Do your part to stop harmful drug interactions

Elders might unintentionally overdose

Elders often have duplicate prescriptions and might take herbal supplements without telling ED nurses, warns Carol Howat, RN, BSN, CEN, clinical educator for the ED at Northwest Community Hospital in Arlington Heights, IL.

"Approximately 30% of patients older than 65 years take more than eight prescribed drugs each day," says Howat. "These account for 50% of all reported adverse drug reactions."

Howat says that medication reconciliation is "one easy intervention the nurse can use to decrease unnecessary complications for the elderly patient." Use these strategies:

• Involve local physicians.

Elder patients usually bring in their medications or verbally give the triage nurse a list of what they are taking, says Debbie Eckles, RN, CEN, a clinical resource nurse in the ED at Santa Ynez Valley Cottage Hospital in Solvang, CA. However, if the patient is unable to do this, ED nurses don't hesitate to obtain the information from the patient's doctor.

"Our local physicians have partnered with us to provide their patients with medication lists," says Eckles. "We encourage patients to keep these lists current and bring them in with them to the ED."

• Ask emergency medical technicians (EMTs) to bring medication information.

For example, a magnet listing medication information might be attached to the patient's refrigerator. "The EMTs are trained to look for these and bring them into the ED with the patient," says Eckles.

• Identify unintentional overdoses.

The reconciliation process done in the ED sometimes uncovers duplicate prescriptions or multiple dosages, says Bruce Read, PharmD, Santa Ynez Valley's clinical pharmacy manager. "Patients may be taking drugs that may interact if taken at the same time," adds Read. "If there are duplicate medications, we do request that the patient surrender the medications that are no longer needed. However, this is voluntary."

• Be specific.

ED nurses specifically should ask about herbal preparations, supplements, and non-prescription drugs in addition to prescription medications, says Read.

• Involve the hospital pharmacist.

At Santa Ynez, ED nurses have access to a pharmaceutical database which is specifically designed to analyze multiple medications for drug interactions. "However, the pharmacist is usually the person that enters the drugs in question and then provides a printed report to the nurse and emergency physician," says Read. The report indicates potential drug interactions, so that medication changes may be made.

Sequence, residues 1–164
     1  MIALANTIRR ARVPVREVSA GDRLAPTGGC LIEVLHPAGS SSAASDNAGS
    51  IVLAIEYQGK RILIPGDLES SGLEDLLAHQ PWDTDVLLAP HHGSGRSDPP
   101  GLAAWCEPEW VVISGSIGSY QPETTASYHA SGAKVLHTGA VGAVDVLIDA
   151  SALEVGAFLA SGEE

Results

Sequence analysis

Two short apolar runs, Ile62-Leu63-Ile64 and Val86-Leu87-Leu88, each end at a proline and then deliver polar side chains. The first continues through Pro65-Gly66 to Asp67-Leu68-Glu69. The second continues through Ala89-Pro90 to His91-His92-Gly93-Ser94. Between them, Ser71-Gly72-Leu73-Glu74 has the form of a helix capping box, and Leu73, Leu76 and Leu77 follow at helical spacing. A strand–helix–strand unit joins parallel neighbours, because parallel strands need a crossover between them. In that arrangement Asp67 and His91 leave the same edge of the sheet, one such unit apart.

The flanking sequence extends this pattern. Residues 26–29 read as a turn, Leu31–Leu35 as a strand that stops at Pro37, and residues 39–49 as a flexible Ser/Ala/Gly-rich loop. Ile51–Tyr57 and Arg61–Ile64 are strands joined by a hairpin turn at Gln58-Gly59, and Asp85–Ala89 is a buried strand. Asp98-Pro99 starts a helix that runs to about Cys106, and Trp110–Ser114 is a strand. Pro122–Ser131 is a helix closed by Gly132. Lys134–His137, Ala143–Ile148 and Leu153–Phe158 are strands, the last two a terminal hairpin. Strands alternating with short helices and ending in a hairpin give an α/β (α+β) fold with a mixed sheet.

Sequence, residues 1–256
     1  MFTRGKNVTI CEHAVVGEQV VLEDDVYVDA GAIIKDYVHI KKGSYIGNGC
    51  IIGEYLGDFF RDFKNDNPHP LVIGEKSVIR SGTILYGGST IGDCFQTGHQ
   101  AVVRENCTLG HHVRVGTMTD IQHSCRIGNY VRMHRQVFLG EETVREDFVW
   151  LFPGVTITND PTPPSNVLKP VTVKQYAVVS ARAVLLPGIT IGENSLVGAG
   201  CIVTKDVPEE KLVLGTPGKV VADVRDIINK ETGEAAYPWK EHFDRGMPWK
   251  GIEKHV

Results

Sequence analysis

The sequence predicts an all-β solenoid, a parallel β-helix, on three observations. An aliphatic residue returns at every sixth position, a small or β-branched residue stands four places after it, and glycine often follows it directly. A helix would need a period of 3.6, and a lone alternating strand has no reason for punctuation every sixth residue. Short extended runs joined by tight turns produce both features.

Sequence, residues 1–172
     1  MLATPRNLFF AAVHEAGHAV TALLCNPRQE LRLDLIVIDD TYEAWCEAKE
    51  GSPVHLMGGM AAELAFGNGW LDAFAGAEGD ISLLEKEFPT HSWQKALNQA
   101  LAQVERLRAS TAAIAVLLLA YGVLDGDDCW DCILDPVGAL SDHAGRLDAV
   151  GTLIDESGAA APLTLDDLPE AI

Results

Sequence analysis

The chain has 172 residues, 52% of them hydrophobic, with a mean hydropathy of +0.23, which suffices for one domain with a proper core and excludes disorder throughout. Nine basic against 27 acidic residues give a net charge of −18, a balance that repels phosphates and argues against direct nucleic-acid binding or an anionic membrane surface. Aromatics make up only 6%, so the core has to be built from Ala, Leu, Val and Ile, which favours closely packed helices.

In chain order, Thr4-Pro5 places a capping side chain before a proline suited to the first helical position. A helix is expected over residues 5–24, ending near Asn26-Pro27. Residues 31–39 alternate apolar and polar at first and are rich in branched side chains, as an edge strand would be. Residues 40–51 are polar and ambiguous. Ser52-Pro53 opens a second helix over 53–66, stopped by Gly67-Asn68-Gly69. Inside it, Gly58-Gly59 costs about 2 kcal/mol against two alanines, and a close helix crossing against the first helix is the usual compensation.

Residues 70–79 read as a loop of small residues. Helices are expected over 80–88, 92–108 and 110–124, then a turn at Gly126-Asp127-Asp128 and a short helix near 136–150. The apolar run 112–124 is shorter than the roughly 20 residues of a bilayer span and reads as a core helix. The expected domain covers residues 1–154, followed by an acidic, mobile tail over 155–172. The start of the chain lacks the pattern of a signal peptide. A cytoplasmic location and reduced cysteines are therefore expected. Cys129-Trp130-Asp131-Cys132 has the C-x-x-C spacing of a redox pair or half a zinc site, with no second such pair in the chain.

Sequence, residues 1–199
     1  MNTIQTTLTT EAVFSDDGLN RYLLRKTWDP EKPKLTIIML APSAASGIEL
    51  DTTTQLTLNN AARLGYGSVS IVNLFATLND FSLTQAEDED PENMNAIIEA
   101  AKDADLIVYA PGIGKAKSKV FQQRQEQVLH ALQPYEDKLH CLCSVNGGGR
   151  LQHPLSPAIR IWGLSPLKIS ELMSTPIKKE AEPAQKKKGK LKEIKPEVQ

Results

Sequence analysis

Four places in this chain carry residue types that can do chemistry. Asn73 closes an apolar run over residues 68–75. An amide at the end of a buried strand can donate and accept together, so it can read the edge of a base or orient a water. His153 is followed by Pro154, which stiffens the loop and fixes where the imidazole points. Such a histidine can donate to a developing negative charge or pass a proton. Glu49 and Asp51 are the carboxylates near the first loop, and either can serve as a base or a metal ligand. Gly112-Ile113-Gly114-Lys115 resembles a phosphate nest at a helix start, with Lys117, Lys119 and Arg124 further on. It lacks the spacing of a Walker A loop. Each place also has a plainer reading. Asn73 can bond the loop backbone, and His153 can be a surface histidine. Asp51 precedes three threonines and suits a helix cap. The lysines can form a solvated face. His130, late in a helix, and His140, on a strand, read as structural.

"This information is vital to help prevent untoward effects of the multiple medication regime that most seniors must manage," says Read.

• Make it easy for patients to bring medication information.

ED nurses at St. Joseph's Hospital Health Center in Syracuse, NY, encourage patients to bring a list of their current medications, says Jessica Caruso, RN, an ED nurse at the hospital.

If a patient doesn't have a list, however, ED nurses offer a blank wallet-size medication history card. "For patients who arrive with bags of medications, the ED nurse records those medications on a medication history form," says Caruso. [The medication card used by ED nurses is included. For assistance, contact customer service at (800) 688-2421 or]

• Use a medication reconciliation technician.

At St. Joseph's ED, this individual interviews patients and family members on current medication histories. "All personal medication history forms are photocopied for the pharmacist and the medication reconciliation technician to review," says Caruso.


For more information on drug interactions in elder ED patients, contact:

  • Jessica Caruso, RN, Emergency Department, St. Joseph's Hospital Health Center, Syracuse, NY. E-mail:
  • Carol Howat, RN, BSN, CEN, Clinical Educator, Emergency Department, Northwest Community Hospital, Arlington Heights, IL. Phone: (847) 618-4020. E-mail:

Clinical Tip

Inform elders about grapefruit juice

Many elderly patients take calcium channel blockers for hypertension or angina, but grapefruits or grapefruit juice can inhibit the metabolism and excretion of these drugs, warns Carol Howat, RN, BSN, CEN, clinical educator for the ED at Northwest Community Hospital in Arlington Heights, IL.

"They can reduce the liver's ability to eliminate calcium channel blockers from the body, allowing the medications to build up," she says. "This causes an increased drug level or toxic affect such as atrioventricular heart block, hypotension, and bradycardia."

Warn elders of these drug risks

Changes in vision, memory, and psychomotor abilities are three factors putting the elderly at high risk for an unintentional overdose of medication.

"The elderly patient may not be informed about the risk of drug-food interactions or drug-dietary supplements," says Carol Howat, RN, BSN, CEN, clinical educator for the ED at Northwest Community Hospital in Arlington Heights, IL. Keep these things in mind, says Howat:

  • Administration of procedural sedation or rapid sequence intubation medications puts the elderly patient at a higher risk if incremental dosing is not practiced.
  • Several dietary supplements suppress platelet aggregation. "This can increase the risk of bleeding when taken with aspirin or anticoagulants," says Howat.
  • Age-related changes in the gastrointestinal system decrease the efficiency at which drugs and alcohol are metabolized. "This places the elderly at risk for accumulation of drugs to toxic levels," says Howat.
  • The urologic and renal systems compensatory response to acid-base changes is decreased. "This makes prevention or correction of shock states more challenging," says Howat.